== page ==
Thursday 19 October 2017 - Monocle Minute | Monocle

Thursday. 19/10/2017

The Monocle Minute

Image: Flickr


Big business

A growing number of cities are scrambling for the affections of online titan Amazon in the wake of the company’s September announcement that it was opening up its hunt for a second headquarters. The latest places to join the contenders are Toronto and Chicago, which placed their bids this week. Amazon has said it will spend $5bn (€4.25bn) building HQ2 and promises 50,000 jobs, making it an alluring prospect for any city. While competition is fierce – Baltimore, New York and Nashville are also in the running – Torontonians are convinced they have the edge. After all, this week another major US technology company announced its investment in Toronto: Google’s urban-innovation company Sidewalk Labs is teaming with the city to build an ideal urban neighbourhood. Could Amazon follow Google’s lead and look north of the border? The winning city of the new HQ will be chosen next year.

Image: Getty Images


Good value?

Japanese prime minister Shinzo Abe’s Liberal Democratic party looks set to be heading for a comfortable victory in Sunday’s Lower House elections. While this is a welcome boost for Abe’s bid to become Japan’s longest-serving leader, it is not proving to be such good news for the tax-paying public. The last general election in 2014 – a snap election like this one – came to ‎¥‎62bn (€4.6bn). The cost of this month’s, which is a year earlier than it needs to be, is expected to be just as high. The Asahi Shimbun, one of Japan’s leading broadsheets, pointed out that this figure exceeds the ‎¥‎53bn (€4bn) that will be spent on supporting farmers this year and is more than twice the amount allocated to promoting tourism to Japan. Voters are fed up and, with only days to go, 40 per cent say they still haven’t decided who they’ll be supporting.


Higher purpose

Tomorrow sees the start of the annual Dutch Design Week (DDW) in Eindhoven. The nine-day event will not only measure the accomplishments of the sector but also shine a light on the industry’s responsibility to combat global issues. To this end DDW’s first international ambassador Marcus Fairs, the founder of design website Dezeen, will lead a series of talks titled ‘Good Design for a Bad World’, which will explore how designers are tackling everything from pollution to politics. Winy Maas, founder of the Dutch architecture and urban-planning firm MVRDV, will weigh in on how urban design can prevent terrorism; and international development expert Kilian Kleinschmidt will explain why he believes refugee camps, which he calls the “cities of tomorrow”, are worthy of proper investment. Of course, there’ll be many more events and exhibitions across the city and more than one will pay homage to the centenary of the foundation of the pioneering Dutch art movement De Stijl.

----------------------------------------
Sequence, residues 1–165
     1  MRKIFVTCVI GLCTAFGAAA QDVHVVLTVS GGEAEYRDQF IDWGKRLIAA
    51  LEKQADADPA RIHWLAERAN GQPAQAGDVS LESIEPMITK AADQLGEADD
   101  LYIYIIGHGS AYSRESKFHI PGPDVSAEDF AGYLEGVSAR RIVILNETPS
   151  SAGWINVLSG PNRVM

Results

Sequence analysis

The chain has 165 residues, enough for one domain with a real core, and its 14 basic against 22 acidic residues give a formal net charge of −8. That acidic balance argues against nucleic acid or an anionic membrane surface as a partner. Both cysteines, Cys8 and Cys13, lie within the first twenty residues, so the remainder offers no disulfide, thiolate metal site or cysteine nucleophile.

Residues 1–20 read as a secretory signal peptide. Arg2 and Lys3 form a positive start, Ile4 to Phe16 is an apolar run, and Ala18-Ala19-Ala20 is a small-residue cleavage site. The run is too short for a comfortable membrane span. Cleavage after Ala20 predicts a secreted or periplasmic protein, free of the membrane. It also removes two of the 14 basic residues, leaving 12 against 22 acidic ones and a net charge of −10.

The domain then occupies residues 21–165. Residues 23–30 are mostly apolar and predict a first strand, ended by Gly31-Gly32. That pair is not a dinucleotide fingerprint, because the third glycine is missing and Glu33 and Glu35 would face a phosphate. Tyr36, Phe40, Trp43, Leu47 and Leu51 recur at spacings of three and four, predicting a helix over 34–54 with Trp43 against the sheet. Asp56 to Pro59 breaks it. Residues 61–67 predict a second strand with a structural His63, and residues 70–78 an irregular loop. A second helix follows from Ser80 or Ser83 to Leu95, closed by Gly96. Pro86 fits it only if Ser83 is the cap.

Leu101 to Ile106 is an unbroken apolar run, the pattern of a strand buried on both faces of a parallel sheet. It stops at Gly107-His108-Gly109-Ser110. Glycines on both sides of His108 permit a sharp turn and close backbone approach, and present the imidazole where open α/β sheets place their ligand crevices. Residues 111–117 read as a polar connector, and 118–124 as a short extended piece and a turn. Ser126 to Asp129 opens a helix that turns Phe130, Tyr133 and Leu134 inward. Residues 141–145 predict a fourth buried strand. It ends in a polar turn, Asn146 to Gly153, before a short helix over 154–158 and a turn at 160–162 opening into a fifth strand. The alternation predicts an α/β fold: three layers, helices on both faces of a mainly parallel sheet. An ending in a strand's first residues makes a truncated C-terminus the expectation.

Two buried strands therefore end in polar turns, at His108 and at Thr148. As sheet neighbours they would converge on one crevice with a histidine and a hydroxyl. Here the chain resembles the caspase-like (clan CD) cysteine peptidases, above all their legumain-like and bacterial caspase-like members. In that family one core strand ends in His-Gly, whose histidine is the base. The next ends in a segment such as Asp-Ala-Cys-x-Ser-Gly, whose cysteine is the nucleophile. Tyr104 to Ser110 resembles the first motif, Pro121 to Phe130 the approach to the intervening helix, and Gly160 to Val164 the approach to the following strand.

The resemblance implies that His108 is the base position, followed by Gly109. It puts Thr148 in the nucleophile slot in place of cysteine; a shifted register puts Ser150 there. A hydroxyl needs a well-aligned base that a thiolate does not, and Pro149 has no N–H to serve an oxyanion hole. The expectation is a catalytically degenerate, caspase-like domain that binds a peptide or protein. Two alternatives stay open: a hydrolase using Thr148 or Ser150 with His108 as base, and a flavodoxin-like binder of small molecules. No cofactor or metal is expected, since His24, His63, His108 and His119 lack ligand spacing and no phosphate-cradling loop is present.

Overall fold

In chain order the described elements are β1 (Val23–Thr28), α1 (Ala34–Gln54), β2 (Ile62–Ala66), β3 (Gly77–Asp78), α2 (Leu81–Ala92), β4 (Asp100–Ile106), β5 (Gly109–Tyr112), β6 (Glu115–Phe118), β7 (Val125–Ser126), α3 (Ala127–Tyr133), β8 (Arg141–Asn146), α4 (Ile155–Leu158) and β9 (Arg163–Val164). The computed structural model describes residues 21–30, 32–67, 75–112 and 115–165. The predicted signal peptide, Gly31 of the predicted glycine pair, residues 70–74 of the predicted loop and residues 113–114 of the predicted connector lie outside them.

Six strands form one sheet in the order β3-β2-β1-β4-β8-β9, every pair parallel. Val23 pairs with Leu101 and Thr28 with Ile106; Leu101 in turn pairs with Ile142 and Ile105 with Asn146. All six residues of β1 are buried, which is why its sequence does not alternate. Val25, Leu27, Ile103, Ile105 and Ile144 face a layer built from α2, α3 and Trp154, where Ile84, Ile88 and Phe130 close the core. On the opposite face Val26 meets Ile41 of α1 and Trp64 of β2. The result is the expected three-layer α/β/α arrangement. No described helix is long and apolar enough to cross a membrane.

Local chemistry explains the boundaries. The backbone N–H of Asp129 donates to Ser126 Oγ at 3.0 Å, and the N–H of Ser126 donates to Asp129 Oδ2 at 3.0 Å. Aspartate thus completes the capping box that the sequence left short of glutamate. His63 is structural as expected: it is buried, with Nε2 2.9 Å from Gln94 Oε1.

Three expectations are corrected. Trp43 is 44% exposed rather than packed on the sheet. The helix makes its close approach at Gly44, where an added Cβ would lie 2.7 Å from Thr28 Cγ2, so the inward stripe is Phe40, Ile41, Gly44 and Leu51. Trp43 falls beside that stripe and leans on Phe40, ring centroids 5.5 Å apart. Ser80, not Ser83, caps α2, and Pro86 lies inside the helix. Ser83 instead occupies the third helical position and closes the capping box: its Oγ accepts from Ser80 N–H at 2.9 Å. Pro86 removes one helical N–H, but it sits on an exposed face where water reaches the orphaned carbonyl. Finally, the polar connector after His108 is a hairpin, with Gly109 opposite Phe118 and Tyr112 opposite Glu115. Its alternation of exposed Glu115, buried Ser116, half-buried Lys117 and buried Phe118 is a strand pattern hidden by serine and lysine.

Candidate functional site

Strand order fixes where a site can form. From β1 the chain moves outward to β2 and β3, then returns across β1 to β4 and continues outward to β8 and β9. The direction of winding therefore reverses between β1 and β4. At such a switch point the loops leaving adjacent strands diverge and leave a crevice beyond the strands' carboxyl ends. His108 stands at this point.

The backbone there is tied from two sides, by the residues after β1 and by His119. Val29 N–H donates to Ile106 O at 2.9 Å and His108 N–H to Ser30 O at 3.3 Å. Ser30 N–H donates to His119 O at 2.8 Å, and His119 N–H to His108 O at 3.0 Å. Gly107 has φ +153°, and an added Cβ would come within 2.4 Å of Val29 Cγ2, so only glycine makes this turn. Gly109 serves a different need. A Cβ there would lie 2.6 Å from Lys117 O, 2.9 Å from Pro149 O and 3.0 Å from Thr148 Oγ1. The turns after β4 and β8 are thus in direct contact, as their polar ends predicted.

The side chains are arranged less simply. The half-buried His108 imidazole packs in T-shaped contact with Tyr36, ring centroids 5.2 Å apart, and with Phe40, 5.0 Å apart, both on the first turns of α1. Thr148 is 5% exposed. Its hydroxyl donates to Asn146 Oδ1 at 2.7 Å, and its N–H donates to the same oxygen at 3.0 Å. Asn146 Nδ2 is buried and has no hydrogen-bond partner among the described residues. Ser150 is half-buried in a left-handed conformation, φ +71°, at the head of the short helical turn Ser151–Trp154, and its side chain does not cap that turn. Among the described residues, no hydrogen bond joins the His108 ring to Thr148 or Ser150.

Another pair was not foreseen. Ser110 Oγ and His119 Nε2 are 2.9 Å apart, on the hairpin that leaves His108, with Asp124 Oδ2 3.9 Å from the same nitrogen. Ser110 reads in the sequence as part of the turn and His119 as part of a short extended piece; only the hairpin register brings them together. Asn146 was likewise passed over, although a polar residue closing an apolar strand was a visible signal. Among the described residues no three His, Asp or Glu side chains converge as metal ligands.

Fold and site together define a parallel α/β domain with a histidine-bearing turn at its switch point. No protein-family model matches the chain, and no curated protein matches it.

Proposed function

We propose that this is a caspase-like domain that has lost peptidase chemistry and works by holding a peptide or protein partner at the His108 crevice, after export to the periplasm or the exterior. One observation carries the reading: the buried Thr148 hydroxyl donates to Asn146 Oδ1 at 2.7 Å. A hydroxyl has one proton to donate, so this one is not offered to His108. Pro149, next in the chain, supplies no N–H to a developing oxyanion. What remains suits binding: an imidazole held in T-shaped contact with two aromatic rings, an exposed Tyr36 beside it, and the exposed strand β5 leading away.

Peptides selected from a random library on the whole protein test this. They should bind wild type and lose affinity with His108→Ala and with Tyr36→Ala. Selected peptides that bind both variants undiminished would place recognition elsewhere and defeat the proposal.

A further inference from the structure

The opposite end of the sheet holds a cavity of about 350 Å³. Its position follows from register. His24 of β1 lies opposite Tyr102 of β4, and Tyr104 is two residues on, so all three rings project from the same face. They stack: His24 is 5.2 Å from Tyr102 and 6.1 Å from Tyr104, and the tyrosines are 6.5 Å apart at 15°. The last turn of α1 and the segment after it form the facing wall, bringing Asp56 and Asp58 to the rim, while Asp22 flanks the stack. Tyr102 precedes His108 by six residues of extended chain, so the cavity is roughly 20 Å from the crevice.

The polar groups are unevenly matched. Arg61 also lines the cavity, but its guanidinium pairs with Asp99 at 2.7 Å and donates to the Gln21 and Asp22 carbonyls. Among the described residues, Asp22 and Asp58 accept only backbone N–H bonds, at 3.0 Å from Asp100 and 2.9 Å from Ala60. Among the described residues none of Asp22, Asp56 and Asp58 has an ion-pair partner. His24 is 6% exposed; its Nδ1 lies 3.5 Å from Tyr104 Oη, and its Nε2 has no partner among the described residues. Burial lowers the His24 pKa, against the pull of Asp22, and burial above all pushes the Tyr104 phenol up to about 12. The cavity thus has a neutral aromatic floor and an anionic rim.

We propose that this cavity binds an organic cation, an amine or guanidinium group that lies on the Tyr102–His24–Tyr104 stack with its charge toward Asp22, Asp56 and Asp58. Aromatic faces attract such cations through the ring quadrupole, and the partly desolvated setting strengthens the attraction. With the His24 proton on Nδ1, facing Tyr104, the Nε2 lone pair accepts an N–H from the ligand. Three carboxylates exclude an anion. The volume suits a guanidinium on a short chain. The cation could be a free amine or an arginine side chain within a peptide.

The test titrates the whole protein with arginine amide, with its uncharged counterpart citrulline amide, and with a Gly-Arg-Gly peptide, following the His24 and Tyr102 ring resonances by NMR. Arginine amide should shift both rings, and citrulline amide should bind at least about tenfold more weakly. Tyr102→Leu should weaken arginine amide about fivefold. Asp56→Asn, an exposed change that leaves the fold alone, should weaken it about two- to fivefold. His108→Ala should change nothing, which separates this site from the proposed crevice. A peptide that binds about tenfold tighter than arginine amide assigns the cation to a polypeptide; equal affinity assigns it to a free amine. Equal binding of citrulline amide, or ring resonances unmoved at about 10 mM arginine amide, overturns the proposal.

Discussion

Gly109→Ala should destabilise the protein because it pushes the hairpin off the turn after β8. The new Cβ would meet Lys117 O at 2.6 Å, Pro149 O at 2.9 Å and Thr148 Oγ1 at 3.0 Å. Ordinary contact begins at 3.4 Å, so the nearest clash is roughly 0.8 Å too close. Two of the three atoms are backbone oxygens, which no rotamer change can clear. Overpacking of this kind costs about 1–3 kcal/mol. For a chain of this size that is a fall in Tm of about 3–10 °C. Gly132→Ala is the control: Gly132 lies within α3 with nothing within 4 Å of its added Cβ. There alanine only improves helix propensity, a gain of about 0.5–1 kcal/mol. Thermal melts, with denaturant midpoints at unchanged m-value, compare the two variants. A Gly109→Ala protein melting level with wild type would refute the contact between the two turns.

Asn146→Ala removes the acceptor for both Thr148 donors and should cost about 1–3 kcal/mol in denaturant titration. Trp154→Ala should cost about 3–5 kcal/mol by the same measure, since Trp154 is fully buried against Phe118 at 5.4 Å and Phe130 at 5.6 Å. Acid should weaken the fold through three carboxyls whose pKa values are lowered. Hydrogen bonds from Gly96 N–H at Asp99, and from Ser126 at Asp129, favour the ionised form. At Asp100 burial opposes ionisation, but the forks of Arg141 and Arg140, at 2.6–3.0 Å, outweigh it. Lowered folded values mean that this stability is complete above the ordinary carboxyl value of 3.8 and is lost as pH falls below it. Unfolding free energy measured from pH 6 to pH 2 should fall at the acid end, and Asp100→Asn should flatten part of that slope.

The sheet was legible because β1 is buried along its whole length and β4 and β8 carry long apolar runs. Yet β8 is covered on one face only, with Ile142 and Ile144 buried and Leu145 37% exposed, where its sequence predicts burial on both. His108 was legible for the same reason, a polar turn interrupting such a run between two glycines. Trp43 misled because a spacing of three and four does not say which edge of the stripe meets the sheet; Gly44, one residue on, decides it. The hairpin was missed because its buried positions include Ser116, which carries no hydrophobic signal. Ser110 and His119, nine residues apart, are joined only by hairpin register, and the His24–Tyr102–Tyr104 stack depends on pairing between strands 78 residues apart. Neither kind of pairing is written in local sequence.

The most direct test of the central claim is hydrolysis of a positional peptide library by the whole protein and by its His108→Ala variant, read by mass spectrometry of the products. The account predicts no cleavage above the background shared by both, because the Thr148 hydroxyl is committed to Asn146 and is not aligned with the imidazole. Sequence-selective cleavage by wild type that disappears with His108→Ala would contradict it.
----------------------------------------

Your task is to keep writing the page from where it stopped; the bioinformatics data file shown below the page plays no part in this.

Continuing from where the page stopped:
Gravy train

The Kuala Lumpur-Singapore High Speed Rail project – which will cut travel time between the two cities by more than half to about 90 minutes – isn’t set to roll out until 2026 but that hasn’t stopped Malaysian prime minister Najib Razak from capitalising on the project. With general elections expected to be called soon, he has propelled the enterprise into the headlines this week by unveiling the individual designs that will feature in the seven Malaysian stations (the eighth station will be in Singapore’s western neighbourhood, Jurong). Among the designs, which represent different aspects of the country’s heritage, are a merchant ship to symbolise Malacca’s trading port and the kuda kepang (flat horse) for a traditional Javanese dance still practised in Johor. It’s a canny way to ensure that both the project and Razak appear to bolster Malaysian identity.

Image: Flickr

Tall Stories 78: Torre Velasca

On the eve of its 60th anniversary we decide to take a closer look at Milan’s Torre Velasca, a skyscraper that, despite its groundbreaking design, received mixed reactions on its debut.

Made in Vienna

Craftsmanship has been at the beating heart of Vienna for hundreds of years; Monocle Films visits three family-run companies that have made tradition relevant.


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